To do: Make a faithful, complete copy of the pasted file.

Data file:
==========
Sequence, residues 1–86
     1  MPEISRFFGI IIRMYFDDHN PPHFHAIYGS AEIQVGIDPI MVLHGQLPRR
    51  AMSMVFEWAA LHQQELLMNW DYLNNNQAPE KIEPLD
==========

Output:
Sequence, residues 1–86
     1  MPEISRFFGI IIRMYFDDHN PPHFHAIYGS AEIQVGIDPI MVLHGQLPRR
    51  AMSMVFEWAA LHQQELLMNW DYLNNNQAPE KIEPLD